John Wiswell
Jul 23, 2012 rated it liked it
This is one of those books that exposes ratings as preposterous. Any conscientious person ought to read segments of this book, particularly Zimbardo's early chapters on his infamous Stanley Prison Experiment. Performed decades ago, it exposed that the horrors of Abu Ghraib were not the implausible acts of monsters, but the likely results of unchecked prison power situations. Zimbardo hired students to roleplay for two weeks as either guards or prisoners in a mock facility. Within a week he had t ...more
Steven Peterson
Jun 07, 2009 rated it really liked it
This is an important book. It presents a perspective on the roots of human behavior, let's call it "the situational approach," against other orientations. As Philip Zimbardo notes, many of us commonly commit the "Fundamental Attribution Error," in which (page 212) "dispositions matter more than situations." That is, when others do something of which we disapprove, we tend to assume that some internal motivation led them to the bad deed, rather than that they may have simply been responding to a ...more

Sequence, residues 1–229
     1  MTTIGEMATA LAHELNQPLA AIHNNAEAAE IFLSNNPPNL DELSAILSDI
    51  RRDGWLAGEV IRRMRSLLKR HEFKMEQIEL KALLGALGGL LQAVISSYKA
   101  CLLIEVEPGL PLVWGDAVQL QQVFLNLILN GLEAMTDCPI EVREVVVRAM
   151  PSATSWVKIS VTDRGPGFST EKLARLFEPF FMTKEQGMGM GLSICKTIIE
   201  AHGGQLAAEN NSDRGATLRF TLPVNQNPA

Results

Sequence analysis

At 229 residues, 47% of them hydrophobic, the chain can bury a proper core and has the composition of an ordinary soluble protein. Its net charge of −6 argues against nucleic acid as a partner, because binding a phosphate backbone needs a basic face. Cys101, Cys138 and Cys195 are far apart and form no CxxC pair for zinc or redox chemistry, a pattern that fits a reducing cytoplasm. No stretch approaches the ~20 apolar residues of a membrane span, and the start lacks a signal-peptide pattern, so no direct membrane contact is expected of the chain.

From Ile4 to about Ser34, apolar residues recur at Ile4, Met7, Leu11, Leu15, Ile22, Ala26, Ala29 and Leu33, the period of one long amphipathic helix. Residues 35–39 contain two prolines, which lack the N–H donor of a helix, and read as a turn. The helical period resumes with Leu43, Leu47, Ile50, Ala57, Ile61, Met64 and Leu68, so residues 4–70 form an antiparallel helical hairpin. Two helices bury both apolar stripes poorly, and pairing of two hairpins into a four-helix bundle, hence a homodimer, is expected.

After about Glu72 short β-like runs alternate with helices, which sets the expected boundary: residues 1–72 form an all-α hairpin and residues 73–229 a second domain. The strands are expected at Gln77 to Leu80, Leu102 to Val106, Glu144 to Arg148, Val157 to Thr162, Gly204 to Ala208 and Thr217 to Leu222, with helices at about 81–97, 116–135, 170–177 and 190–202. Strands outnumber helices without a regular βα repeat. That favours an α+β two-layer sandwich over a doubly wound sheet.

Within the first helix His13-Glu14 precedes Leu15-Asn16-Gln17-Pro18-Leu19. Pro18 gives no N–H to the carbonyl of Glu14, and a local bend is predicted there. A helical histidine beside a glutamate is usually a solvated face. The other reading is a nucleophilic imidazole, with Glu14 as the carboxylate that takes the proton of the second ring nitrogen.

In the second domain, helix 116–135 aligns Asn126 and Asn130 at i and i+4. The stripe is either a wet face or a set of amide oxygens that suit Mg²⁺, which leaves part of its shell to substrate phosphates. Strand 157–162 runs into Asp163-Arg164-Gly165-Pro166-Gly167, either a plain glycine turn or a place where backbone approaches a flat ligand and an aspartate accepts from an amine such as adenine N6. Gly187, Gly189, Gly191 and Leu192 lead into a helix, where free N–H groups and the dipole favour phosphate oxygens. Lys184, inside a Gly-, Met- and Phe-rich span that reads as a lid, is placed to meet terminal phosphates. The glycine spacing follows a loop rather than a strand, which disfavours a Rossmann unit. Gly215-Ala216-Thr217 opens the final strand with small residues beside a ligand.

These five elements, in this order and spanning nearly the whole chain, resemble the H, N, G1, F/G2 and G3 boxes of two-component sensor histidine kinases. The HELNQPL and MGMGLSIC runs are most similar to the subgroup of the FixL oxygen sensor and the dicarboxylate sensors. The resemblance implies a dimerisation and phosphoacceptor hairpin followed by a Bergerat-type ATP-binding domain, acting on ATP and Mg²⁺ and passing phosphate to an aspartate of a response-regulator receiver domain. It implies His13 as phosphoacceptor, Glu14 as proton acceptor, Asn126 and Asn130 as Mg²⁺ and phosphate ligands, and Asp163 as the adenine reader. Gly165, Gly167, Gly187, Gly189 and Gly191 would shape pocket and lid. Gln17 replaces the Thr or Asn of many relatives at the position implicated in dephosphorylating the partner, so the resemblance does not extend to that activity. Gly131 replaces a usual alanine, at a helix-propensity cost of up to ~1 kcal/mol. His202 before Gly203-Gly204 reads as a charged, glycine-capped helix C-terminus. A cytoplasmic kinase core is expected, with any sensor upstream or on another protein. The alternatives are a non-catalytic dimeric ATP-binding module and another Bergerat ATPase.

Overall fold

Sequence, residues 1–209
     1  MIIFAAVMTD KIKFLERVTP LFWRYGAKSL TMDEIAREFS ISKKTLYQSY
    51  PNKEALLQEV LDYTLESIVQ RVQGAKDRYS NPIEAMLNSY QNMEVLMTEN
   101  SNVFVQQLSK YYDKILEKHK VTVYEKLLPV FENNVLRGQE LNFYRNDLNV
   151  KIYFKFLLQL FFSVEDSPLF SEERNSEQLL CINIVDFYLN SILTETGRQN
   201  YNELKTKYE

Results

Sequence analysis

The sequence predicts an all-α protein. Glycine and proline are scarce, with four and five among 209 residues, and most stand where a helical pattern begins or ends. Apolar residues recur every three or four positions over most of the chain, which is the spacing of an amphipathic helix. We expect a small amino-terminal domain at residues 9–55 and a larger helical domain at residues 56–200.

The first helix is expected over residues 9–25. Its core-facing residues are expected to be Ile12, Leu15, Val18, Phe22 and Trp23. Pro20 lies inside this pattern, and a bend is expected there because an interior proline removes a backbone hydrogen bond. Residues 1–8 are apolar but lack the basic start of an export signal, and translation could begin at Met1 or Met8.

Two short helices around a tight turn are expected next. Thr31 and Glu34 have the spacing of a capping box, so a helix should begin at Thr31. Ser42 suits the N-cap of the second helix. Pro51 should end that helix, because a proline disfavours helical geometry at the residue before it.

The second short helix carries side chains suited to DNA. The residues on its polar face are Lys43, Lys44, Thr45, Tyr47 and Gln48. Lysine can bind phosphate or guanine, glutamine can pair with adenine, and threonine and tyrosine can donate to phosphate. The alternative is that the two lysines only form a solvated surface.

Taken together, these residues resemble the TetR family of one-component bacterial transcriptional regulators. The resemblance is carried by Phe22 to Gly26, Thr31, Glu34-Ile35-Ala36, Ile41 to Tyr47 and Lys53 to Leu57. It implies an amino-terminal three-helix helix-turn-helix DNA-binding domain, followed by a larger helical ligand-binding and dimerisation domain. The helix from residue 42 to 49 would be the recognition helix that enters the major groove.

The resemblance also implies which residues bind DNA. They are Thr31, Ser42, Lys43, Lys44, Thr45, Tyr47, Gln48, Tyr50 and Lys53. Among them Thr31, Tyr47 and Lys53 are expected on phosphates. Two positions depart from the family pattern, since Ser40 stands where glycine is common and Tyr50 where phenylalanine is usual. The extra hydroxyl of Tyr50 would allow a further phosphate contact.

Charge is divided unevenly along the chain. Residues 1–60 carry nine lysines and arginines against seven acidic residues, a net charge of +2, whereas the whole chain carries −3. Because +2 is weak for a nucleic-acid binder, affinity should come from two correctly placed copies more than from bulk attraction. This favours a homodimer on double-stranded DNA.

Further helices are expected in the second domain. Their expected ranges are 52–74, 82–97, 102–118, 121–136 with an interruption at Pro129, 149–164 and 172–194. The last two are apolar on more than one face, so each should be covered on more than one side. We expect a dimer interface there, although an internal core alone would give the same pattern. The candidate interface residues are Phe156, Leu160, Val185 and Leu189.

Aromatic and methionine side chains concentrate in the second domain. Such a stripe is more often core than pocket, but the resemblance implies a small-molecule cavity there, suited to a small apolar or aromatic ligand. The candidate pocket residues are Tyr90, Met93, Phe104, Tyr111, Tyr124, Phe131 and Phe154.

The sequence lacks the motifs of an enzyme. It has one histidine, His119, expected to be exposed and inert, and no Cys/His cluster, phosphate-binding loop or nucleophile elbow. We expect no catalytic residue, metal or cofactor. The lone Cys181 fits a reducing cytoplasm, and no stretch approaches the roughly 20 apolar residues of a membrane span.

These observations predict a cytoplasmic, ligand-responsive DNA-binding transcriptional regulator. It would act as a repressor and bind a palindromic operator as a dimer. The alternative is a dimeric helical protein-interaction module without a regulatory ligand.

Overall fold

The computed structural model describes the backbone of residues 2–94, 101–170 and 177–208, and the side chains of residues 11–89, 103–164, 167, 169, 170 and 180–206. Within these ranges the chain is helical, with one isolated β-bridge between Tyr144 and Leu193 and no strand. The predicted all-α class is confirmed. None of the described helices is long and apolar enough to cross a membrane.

Jeffrey Howard
Jan 06, 2016 rated it liked it
The Lucifer Effect in many ways reads like an introductory social psychology book as Zimbardo trudges through experiments that have become staples for undergraduate psychology courses: Stanley Milgram's obedience experiment, Asch's conformity experiment, and, of course, the Stanford Prison Experiment.

Zimbardo makes a strong case for how bad systems, or "bad barrels" produce "bad apples", that atrocities are committed by regular people, often, because of situational factors. Evil acts aren't jus
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Michael